While she says she paints for herself, she does admit that she likes it when people like her work. She views art as a powerful visual communication form, a "universal visual language." Certainly when looking at Deep in the Woods (above), one is given a specific message. Taken into the remote areas of the mountains, where one sees no roads, no vehicles, only a beautiful rugged wilderness filled with conifers, green and yellow grasses, and white and blue mountain waters, one sees a version of nature at its finest.
Being a Canadian from the far north of that country, where the weather can indeed be cold, Brock has what seems to me an especially Canadian affinity for the snow (see "The Chill Cool of Canadian Painting" on ofartandwine.com). In Light Peeking Through (below), Brock presents the viewer with the possibility of a midwinter thaw. Not only does the light peek through, but there seems to be a little stream of run-off created by the melting snow. The structure of the painting carries us from the barren trees in the front left along the line created by the flow of the snow melt back to an area of dead grasses among the conifers and beyond that to more snow. This painting invites us to take a walk in the woods, moving from sun to shadow, open spaces to closed spaces, and into the mystery of the deep forest.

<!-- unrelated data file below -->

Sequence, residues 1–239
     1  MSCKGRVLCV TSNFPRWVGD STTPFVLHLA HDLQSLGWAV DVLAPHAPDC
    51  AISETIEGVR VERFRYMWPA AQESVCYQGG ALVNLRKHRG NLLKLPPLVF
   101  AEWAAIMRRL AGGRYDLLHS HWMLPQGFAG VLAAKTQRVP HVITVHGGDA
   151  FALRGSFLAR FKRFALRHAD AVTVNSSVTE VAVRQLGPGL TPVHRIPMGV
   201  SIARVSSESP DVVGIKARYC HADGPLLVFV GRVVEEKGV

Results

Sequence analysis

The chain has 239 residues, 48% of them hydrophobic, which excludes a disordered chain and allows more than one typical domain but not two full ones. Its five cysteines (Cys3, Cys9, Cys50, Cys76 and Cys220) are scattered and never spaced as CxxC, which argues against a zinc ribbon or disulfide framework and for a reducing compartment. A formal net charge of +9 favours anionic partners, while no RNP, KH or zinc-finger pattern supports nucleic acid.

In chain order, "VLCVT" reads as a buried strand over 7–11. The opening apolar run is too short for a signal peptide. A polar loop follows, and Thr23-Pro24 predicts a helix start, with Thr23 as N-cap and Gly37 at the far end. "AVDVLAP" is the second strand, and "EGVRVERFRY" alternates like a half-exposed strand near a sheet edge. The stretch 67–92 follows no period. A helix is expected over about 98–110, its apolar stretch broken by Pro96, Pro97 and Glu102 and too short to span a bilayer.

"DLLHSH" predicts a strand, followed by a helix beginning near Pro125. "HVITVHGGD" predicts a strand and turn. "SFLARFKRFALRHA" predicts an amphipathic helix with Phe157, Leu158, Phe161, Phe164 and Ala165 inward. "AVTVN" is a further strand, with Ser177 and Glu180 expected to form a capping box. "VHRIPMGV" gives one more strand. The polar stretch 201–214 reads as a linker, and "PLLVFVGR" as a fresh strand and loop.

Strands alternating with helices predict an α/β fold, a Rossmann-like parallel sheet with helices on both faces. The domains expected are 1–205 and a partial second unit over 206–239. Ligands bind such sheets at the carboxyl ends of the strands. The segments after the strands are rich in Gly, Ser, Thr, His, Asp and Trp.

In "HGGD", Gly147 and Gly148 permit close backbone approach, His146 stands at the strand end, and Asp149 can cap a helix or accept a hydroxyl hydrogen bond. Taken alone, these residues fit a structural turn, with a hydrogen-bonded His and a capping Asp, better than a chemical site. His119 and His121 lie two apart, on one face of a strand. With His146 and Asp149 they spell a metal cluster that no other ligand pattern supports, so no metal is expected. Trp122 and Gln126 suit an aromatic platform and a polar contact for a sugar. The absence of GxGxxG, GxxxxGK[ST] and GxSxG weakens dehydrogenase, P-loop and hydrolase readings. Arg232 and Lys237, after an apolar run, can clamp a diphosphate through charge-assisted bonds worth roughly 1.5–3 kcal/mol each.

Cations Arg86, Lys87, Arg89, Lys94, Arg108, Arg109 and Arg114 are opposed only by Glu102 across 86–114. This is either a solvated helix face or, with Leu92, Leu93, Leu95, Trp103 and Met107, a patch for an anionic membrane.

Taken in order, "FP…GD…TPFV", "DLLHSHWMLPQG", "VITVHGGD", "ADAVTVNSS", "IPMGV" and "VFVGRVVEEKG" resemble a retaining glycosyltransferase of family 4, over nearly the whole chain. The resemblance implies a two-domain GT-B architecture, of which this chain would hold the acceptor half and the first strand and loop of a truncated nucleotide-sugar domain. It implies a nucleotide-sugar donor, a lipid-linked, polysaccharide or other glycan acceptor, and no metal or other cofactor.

There is a new way to see some of Brock's artistry. For those of us in Colorado Springs, and for any visitors to our beautiful area, there is a treat coming up in June, the opening of a new art gallery in Colorado Springs. Galileo Gallery is located in a lovely mansion in the Broadmoor area, owned by artist Michael Baldock. The Grand Opening will take place on June 4th and 5th from Noon - 5 P.M. Regular hours after the opening will be Friday, Saturday, and Sunday from Noon - 5 P.M. Sixty works will be on display for this initial show, including some by Miriam Brock.
Galileo Gallery is located at 1515 Old Stage Road, Colorado Springs, CO 80906
For more information contact Mike Baldock at email@example.com (719) 466-9318
Here is Miriam Brock outdoors doing her plein air painting and keeping her eyes open to the variety of life. When speaking of what she has learned from being an artist, she says, "to appreciate different points of view, and how people can look at the same thing and come out with different interpretations."
When asked what in her opinion makes something a work of art, her response was, "Art is in the eye of the beholder."
Contact info for Miriam Brock is as follows: